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Chapter XX.

Let us see how he continues after this:  “These events,” he says, “he predicted as being a God, and the prediction must by all means come to pass.  God, therefore, who above all others ought to do good to men, and especially to those of his own household, led on his own disciples and prophets, with whom he was in the habit of eating and drinking, to such a degree of wickedness, that they became impious and unholy men.  Now, of a truth, he who shared a man’s table would not be guilty of conspiring against him; but after banqueting with God, he became a conspirator.  And, what is still more absurd, God himself plotted against the members of his own table, by converting them into traitors and villains!”  Now, since you wish me 440to answer even those charges of Celsus which seem to me frivolous,32723272    εὐτελέσι. the following is our reply to such statements.  Celsus imagines that an event, predicted through foreknowledge, comes to pass because it was predicted; but we do not grant this, maintaining that he who foretold it was not the cause of its happening, because he foretold it would happen; but the future event itself, which would have taken place though not predicted, afforded the occasion to him, who was endowed with foreknowledge, of foretelling its occurrence.  Now, certainly this result is present to the foreknowledge of him who predicts an event, when it is possible that it may or may not happen, viz., that one or other of these things will take place.  For we do not assert that he who foreknows an event, by secretly taking away the possibility of its happening or not, makes any such declaration as this:  “This shall infallibly happen, and it is impossible that it can be otherwise.”  And this remark applies to all the foreknowledge of events dependent upon ourselves, whether contained in the sacred Scriptures or in the histories of the Greeks.  Now, what is called by logicians an “idle argument,”32733273    ἀργὸς λόγος. which is a sophism, will be no sophism as far as Celsus can help, but according to sound reasoning it is a sophism.  And that this may be seen, I shall take from the Scriptures the predictions regarding Judas, or the foreknowledge of our Saviour regarding him as the traitor; and from the Greek histories the oracle that was given to Laius, conceding for the present its truth, since it does not affect the argument.  Now, in Ps. cviii., Judas is spoken of by the mouth of the Saviour, in words beginning thus:  “Hold not Thy peace, O God of my praise; for the mouth of the wicked and the mouth of the deceitful are opened against me.”  Now, if you carefully observe the contents of the psalm, you will find that, as it was foreknown that he would betray the Saviour, so also was he considered to be himself the cause of the betrayal, and deserving, on account of his wickedness, of the imprecations contained in the prophecy.  For let him suffer these things, “because,” says the psalmist, “he remembered not to show mercy, but persecuted the poor and needy man.”  Wherefore it was possible for him to show mercy, and not to persecute him whom he did persecute.  But although he might have done these things, he did not do them, but carried out the act of treason, so as to merit the curses pronounced against him in the prophecy.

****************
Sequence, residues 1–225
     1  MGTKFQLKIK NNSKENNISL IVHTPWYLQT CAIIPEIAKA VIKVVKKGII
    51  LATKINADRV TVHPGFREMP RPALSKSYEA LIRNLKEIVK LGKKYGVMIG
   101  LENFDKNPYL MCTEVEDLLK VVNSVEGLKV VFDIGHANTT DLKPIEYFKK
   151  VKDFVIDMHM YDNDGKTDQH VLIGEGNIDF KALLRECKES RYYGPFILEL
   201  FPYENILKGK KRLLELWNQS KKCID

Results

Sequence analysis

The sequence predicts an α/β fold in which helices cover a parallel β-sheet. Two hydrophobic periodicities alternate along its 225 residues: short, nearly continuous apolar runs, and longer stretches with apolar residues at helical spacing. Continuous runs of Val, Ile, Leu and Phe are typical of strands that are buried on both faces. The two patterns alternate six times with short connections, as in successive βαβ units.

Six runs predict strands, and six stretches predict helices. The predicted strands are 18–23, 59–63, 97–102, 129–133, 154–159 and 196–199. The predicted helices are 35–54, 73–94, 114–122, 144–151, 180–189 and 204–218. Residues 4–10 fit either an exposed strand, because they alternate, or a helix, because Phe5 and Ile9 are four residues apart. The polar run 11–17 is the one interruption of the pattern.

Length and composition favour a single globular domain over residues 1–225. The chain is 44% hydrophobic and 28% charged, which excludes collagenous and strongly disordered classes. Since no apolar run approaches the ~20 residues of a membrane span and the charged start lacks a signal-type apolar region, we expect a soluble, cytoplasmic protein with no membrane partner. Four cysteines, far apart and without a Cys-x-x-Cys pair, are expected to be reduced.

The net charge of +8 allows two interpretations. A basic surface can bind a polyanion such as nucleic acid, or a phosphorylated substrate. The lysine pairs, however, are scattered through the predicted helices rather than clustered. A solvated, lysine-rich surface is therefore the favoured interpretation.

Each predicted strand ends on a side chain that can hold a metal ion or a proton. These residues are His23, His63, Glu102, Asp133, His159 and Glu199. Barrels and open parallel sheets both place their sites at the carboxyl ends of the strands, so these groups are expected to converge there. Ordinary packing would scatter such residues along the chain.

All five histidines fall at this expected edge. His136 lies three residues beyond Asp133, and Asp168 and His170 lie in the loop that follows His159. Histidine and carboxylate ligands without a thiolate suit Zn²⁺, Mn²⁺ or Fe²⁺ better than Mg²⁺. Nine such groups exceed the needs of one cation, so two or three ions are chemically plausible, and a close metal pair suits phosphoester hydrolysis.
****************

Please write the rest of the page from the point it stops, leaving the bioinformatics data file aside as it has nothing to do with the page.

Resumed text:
And in answer to the Greeks we shall quote the following oracular response to Laius, as recorded by the tragic poet, either in the exact words of the oracle or in equivalent terms.  Future events are thus made known to him by the oracle:  “Do not try to beget children against the will of the gods.  For if you beget a son, your son shall murder you; and all your household shall wade in blood.”32743274    Euripid., Phœnissæ, 18–20.  Now from this it is clear that it was within the power of Laius not to try to beget children, for the oracle would not have commanded an impossibility; and it was also in his power to do the opposite, so that neither of these courses was compulsory.  And the consequence of his not guarding against the begetting of children was, that he suffered from so doing the calamities described in the tragedies relating to Œdipus and Jocasta and their sons.  Now that which is called the “idle argument,” being a quibble, is such as might be applied, say in the case of a sick man, with the view of sophistically preventing him from employing a physician to promote his recovery; and it is something like this:  “If it is decreed that you should recover from your disease, you will recover whether you call in a physician or not; but if it is decreed that you should not recover, you will not recover whether you call in a physician or no.  But it is certainly decreed either that you should recover, or that you should not recover; and therefore it is in vain that you call in a physician.”  Now with this argument the following may be wittily compared:  “If it is decreed that you should beget children, you will beget them, whether you have intercourse with a woman or not.  But if it is decreed that you should not beget children, you will not do so, whether you have intercourse with a woman or no.  Now, certainly, it is decreed either that you should beget children or not; therefore it is in vain that you have intercourse with a woman.”  For, as in the latter instance, intercourse with a woman is not employed in vain, seeing it is an utter impossibility for him who does not use it to beget children; so, in the former, if recovery from disease is to be accomplished by means of the healing art, of necessity the physician is summoned, and it is therefore false to say that “in vain do you call in a physician.”  We have brought forward all these illustrations on account of the assertion of this learned Celsus, that “being a God He predicted these things, and the predictions must by all means come to pass.”  Now, if by “by all means” he means “necessarily,” we cannot admit this.  For it was quite possible, also, that they might not come to pass.  But if he uses “by all means” in the sense of “simple futurity,”32753275    ἀντὶ τοῦ ἕσται. which nothing hinders from being true (although it was possible that they might not happen), he does not at all touch my 441argument; nor did it follow, from Jesus having predicted the acts of the traitor or the perjurer, that it was the same thing with His being the cause of such impious and unholy proceedings.  For He who was amongst us, and knew what was in man, seeing his evil disposition, and foreseeing what he would attempt from his spirit of covetousness, and from his want of stable ideas of duty towards his Master, along with many other declarations, gave utterance to this also:  “He that dippeth his hand with Me in the dish, the same shall betray Me.”32763276    Matt. xxvi. 23.